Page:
Archive for March, 2011


I think I’m finally old enough to officially classify myself as a curmudgeon, if not a full-fledged geezer.  I can’t get through a conversation anymore without using some variant of the phrase, “Back in my day…”  Especially if I’m talking to one of my kids.

Back in my day, if you wanted a car you figured out how to get one.  Yourself.  I didn’t even think about asking my father to buy me a car; he would have injured himself laughing.  That kind of foolishness only happened in rich families.  Back then if a boy wanted a car he’d scrape together a couple hundred bucks any way he could— cutting grass, digging stumps, picking up Coke bottles (back in my day they were glass, returnable for 2 cents a bottle).  You were lucky if there was a grocery store within walking distance where you could sack groceries for tips— usually a quarter.  When you got enough money together you’d buy some old beater that you had to work on all the time just to keep it running, and you…

Amish Rules

One of my Amish cousins passed through here on her way home today (my favorite cousin), and she stopped by to visit for a couple hours.  I noticed she was driving a car, and since there were several Cramers in the room a certain amount of good-natured ribbing naturally ensued.

The conversation evolved into a sort of free-for-all discussion of Amish customs, and the distinctions between one church and another.  The first thing I would mention, for those of you not familiar with Amish rules, is the car.

I’d always understood it to be this way but I never heard anybody put it quite as bluntly as my cousin did when she said, “If you own a car you’re not Amish.”  Even something that sounds so clear cut on the surface is subject to hair-splitting.  For instance, you can be Amish and own a business that owns a car, and you can ride in the company car but you can’t drive it.  You can also have electricity at your place of business, and sometimes computers.  I know Amish who…

Panama— Part 3 (End)

We decide not to eat at the yacht club— “Muy ‘spensive,” Omar says. We cross the bay from the old city to the new over a rock levee at least two miles long and straight as a string, with navigable water on both sides. The levee is man-made, built with a couple million tons of rock, so I ask Omar (somehow) if it was made out of debris from the canal.

“Si,” he says, and then mimes how he used to swim and fish there as a child.

I ask him if he likes to fish and he says, “Si!” We talk around each other for a while and use up a lot of hand gestures before I realize I’m talking about catching fish and Omar’s talking about eating them. By then we’re in the really old city, the rough part of town in the shadow of the new skyscrapers, and Omar’s zipping through a rabbit warren of shabby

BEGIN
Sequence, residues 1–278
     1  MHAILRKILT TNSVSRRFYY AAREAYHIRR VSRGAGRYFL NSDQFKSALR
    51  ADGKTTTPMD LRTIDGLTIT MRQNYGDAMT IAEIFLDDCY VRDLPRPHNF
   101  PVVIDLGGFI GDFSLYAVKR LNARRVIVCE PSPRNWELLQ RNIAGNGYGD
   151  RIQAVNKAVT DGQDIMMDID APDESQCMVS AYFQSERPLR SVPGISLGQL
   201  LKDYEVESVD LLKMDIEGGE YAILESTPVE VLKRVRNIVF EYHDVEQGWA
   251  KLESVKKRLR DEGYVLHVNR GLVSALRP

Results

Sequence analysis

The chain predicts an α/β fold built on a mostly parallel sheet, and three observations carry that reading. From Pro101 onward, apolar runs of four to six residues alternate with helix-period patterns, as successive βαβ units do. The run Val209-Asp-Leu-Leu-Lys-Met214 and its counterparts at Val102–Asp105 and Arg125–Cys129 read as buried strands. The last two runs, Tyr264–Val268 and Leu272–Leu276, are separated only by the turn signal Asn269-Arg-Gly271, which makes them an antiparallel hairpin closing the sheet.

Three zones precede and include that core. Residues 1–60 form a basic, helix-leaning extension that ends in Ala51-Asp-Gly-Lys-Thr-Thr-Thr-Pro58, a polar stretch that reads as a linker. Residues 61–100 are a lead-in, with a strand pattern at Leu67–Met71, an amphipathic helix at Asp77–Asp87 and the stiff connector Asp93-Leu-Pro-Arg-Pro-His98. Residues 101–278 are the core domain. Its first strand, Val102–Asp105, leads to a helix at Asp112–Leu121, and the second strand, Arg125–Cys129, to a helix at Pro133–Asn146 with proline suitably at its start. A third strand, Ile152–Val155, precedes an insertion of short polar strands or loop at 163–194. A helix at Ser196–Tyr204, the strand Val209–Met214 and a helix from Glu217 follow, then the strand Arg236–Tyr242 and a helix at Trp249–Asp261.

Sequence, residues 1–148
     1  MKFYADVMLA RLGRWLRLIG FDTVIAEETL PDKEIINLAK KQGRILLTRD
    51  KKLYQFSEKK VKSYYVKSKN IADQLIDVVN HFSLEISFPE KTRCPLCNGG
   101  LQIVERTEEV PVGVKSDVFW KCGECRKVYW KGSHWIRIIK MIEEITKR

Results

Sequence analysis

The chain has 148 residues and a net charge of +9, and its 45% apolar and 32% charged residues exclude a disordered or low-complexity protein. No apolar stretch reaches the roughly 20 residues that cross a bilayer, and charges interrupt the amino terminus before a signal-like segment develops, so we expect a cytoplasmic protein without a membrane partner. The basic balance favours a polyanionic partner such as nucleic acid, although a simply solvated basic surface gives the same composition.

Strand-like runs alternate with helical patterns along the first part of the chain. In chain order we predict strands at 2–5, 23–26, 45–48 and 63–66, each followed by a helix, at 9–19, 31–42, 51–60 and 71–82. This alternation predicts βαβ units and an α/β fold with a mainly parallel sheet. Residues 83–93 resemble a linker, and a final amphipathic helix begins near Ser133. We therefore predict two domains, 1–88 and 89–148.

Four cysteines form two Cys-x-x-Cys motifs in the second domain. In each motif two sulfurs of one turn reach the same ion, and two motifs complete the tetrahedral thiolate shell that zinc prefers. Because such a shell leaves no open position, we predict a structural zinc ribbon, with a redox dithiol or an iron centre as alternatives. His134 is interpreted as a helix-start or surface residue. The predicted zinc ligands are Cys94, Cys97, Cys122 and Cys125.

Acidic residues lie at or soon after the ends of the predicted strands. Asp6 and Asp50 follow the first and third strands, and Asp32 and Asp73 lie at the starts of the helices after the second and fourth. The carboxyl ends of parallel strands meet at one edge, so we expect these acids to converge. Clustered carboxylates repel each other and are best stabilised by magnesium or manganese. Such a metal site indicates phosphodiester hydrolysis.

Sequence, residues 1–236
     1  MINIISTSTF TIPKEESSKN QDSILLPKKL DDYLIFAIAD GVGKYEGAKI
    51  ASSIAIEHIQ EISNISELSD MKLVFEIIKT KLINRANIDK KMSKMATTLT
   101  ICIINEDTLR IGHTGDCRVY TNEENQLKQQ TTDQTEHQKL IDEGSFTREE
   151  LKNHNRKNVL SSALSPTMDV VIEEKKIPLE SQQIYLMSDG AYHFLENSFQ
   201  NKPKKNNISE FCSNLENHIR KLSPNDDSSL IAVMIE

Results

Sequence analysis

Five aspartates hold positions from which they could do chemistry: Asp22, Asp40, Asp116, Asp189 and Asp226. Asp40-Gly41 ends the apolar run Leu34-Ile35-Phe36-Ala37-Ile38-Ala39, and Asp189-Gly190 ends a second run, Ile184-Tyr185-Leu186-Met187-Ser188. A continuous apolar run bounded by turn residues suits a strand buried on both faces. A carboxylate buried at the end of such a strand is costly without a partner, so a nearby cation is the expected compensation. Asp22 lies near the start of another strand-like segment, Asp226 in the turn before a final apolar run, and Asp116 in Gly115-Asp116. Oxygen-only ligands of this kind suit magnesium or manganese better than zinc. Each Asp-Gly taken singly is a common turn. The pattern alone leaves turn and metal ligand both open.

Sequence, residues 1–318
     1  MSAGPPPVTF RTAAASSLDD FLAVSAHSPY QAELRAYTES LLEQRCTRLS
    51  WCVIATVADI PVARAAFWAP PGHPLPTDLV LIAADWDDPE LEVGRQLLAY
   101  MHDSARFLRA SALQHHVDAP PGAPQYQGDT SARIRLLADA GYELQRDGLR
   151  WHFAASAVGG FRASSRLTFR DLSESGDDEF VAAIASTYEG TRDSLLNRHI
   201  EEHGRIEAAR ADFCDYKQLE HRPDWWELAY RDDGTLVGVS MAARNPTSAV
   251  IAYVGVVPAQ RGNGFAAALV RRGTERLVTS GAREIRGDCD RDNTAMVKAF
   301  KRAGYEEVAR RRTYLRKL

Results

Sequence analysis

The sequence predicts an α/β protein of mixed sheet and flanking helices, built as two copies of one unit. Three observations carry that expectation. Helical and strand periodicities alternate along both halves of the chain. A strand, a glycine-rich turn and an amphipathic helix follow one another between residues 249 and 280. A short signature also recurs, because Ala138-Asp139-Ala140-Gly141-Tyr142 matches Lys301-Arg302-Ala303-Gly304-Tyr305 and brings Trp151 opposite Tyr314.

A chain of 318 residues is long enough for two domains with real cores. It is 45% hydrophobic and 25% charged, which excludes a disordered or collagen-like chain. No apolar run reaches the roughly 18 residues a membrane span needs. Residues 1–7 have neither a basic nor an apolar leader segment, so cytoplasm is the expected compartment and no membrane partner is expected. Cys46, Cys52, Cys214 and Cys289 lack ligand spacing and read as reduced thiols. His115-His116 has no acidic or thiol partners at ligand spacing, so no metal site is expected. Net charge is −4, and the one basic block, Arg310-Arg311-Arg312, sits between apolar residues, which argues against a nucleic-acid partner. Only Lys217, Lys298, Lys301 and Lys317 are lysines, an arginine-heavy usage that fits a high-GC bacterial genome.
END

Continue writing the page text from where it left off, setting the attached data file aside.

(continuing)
Panama— Part 2

Omar is there to meet me at the terminal in Panama City. He’s holding up a sign with my name on it, but I can tell from his grin he’s already picked me out of the crowd and knows he’s got the right gringo. Omar just knows things. He’s a touch stocky for a Panamanian, though nowhere near as big as me, and he smiles a lot— not the obsequious smile of somebody trying to fleece you, but the genuine warmth of a good man who likes his life and is eager to invite you into it. Over the course of the afternoon as he zips in and out of traffic in his ten-year-old economy car giving me the quick tour of Panama City, I glean from his few words of English and my few words of Spanish that he has six kids, four girls and two boys, all grown, and a mess of grandkids. Pointing, gesturing, he tells me he and his wife live just past the Bridge of

Panama— Part 1

Several years ago I escorted a group of teenagers down to Panama for a week or so, helping out at a mission way up in the mountains near Boquete.  The highlands of western Panama is beautiful green country, as hilly as West Virginia, no flat land anywhere, just conical mountains pushed up by magma and over the centuries covered by tropical forest.  Around Boquete there are coffee plantations carved into the hillsides.  The cleared ground between the rows and at the edge of the jungle is solid pink and white with wild impatiens, everywhere you look.  They call it the Valley of the Flowers.

I went along partly as a chaperone, but mainly as an electrician, spending most of my time upgrading the wiring on the missionaries’ houses. In tropical countries the termites rule, so you won’t find a lot of wood in the houses; they’re built with concrete block and steel.  The wiring is atrocious by American standards so I had plenty to do, but I don’t remember much about it.  I do remember the earthquake.  A local…